Game review: EA Games’ Need for Speed turns up the Heat
This year, EA’s NFS developer Ghost Studios takes us to Palm City - a very thinly veiled version of Miami - for a bit of street-racing with Need for Speed Heat.
Heat puts behind us some of the odd design choices employed by EA Games’ Ghost Studios in the past. There’s no cheesy live-action cut scenes. There are, also, no shoehorned card elements in the game and it’s free from loot boxes. Upgrades and new cars are obtained through gameplay progression and not gimmicks.
Being set in a fictional depiction of Miami, it’s obviously monsoon season, with most days being very wet. And why not, wet roads look cool, right? The city and its surrounds look visually stunning on both Xbox One and especially PC. To be fair, none of Ghost’s Need for Speed titles have been shabby in the looks department, but this one looks extra nice.
The environments range from the metropolitan Palm City to the lush countryside surrounding it. There’s a port (good for drifting around containers) and even an interpretation of NASA’s Kennedy Space Centre. The landscape is diverse and at times it’s breathtaking.
Ghost have taken a few ideas from the Forza Horizons playbook. If, fact, whilst not quite as polished, Heat is very similar to Playground Games’ racer. Apart from substantial structures and large trees, cars will smash everything in the way. This is pretty reasonable and whilst slowing cars only a bit, keeps the races moving.
Whereas the Fast and the Furious movie series puts the pedal to the metal, the movies do so with their tongue firmly in their cheek. EA’s Need for Speed games are not so self-aware, the results is a campaign rammed full of cocky tossers that you just want to punch in the face.
The story isn’t really meant to be highbrow, nor does it wander far from what has gone before. You are a rookie street-racer out to prove yourself amongst the established racing set whilst on the lookout for the cop local cops and their questionable ethics.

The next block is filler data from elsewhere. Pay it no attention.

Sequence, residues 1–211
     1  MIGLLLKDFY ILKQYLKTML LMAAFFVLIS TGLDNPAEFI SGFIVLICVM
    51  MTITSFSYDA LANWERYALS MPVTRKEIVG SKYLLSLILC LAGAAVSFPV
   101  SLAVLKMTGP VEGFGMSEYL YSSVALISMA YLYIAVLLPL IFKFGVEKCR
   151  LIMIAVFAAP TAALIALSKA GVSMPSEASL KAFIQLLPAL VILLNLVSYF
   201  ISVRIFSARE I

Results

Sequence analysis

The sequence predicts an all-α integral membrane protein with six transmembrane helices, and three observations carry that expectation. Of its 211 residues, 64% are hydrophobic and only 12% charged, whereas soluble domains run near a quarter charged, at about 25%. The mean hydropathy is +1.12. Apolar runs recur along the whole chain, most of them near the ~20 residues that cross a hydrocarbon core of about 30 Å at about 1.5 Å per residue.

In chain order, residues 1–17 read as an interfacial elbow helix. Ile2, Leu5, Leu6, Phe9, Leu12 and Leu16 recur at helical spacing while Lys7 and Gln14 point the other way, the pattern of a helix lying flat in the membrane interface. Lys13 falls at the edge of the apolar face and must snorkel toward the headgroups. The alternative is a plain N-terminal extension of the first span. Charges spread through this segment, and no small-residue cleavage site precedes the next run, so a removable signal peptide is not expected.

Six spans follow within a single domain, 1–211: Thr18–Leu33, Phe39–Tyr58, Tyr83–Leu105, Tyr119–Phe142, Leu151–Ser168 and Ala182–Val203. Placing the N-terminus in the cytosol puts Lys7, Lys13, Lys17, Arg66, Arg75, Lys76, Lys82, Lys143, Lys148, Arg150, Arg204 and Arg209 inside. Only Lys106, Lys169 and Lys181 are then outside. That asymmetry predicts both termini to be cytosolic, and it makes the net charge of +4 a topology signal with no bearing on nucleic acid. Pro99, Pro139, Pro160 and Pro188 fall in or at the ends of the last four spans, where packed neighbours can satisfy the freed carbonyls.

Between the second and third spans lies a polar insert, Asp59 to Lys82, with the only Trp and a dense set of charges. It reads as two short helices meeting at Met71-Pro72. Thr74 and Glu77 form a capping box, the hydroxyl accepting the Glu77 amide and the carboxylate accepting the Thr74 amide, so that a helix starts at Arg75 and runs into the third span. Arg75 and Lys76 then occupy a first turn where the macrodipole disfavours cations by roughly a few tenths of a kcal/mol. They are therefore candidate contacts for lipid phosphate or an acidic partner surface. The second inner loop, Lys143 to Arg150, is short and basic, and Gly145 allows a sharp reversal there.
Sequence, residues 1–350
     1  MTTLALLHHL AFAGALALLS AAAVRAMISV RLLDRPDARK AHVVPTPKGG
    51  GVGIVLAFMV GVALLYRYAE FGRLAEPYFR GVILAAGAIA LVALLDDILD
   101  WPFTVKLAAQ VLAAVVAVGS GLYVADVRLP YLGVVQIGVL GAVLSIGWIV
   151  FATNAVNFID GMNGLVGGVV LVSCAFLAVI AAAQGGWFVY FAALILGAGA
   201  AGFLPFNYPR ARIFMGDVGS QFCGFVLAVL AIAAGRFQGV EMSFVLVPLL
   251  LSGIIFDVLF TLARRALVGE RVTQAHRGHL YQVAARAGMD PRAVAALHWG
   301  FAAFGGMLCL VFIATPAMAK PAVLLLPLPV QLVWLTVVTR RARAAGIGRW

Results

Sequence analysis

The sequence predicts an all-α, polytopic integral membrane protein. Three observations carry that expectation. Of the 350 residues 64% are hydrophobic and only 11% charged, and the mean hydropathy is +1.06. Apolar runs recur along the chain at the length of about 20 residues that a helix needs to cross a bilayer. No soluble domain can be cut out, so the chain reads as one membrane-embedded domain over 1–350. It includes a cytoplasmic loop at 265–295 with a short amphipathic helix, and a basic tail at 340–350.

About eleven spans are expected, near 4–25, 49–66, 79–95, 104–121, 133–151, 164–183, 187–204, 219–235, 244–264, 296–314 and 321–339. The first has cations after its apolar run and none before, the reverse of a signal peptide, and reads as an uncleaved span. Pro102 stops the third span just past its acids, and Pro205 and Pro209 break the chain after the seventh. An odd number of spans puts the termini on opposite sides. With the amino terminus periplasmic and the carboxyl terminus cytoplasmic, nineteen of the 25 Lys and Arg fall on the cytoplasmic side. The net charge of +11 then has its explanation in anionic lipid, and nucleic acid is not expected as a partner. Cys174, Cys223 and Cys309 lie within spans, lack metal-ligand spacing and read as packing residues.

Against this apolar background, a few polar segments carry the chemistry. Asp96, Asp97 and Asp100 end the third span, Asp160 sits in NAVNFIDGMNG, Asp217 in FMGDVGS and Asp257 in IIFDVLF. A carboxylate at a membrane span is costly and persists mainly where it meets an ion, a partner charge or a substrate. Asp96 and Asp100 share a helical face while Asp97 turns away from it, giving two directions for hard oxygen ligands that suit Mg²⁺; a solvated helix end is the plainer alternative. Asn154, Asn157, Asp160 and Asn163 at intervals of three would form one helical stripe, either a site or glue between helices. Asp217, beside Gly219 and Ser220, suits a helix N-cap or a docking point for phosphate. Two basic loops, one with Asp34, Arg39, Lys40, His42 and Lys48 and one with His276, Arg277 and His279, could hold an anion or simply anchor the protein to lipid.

The story is not a patch on last time’s Vegas-themed Need of Speed: Payback. Heat has the sort of plot that’ll appeal to anti-establishment dude-bros only. But it is fortunately easy to ignore in favour of the actual gameplay, which is rather good.
The game is split into day and night races. During the day players get to race for cash and police are alert but not looking for trouble. At night players race for reputation and the police will chase any racer that they see. You need rep to unlock upgrades and cash to buy them.
During both day and night, there are races dotted around the map. Unlocking safe houses enables fast travel between locations. There are also campaign missions (which usually involve racing) unlocked as players reach a certain rep level. Similarly, optional driver story missions also become available.
As well as races there are a load of activities such as speed cameras to record top speed, graffiti to collect, billboards to break, drift challenges and race rival competitions. They’ve really thrown the kitchen sink at this one. The end result is one of the best Need for Speed games that’s not been developed by Criterion. And that’s a huge compliment.
Players can pop to the dealership and buy a cool new ride, or the bank earnt racing can also be put down on new parts and components for your car. Everything from the ECU to tyres can be swapped out for stock to “sports”, “pro” and “Pro+” parts. The choice of components alters the vehicles handling giving the setup a bias towards circuit racing, road racing drifting and off-road.
Car handling is clean and responsive, allowing for some precise manoeuvring guaranteed to put a smile on your face. Drifting is easy (too easy, maybe) with the right setup making for some breathtaking cornering.
Whilst the general pacing of the game is good, a lot of the time I found it easy to maintain a car a lot more powerful than my competitors. This made winning races a bit too easy sometimes.
The game’s soundtrack has what can only be described as Latin pop music during the day and rather hardcore techno for night races. I found it fitting, but probably not to everyone’s taste. If you are doing it right, though, the sound of the roaring engines squealing tyres should drown things the music out.
The story is lacking, but the gameplay is great. If they can give us a more original take on a street-racing plot next time, but keep this sort of vehicle handling, game environment and progression system, the next Need for Speed will be something special. For now, though, we can at least enjoy some top-notch racing with Need for Speed Heat.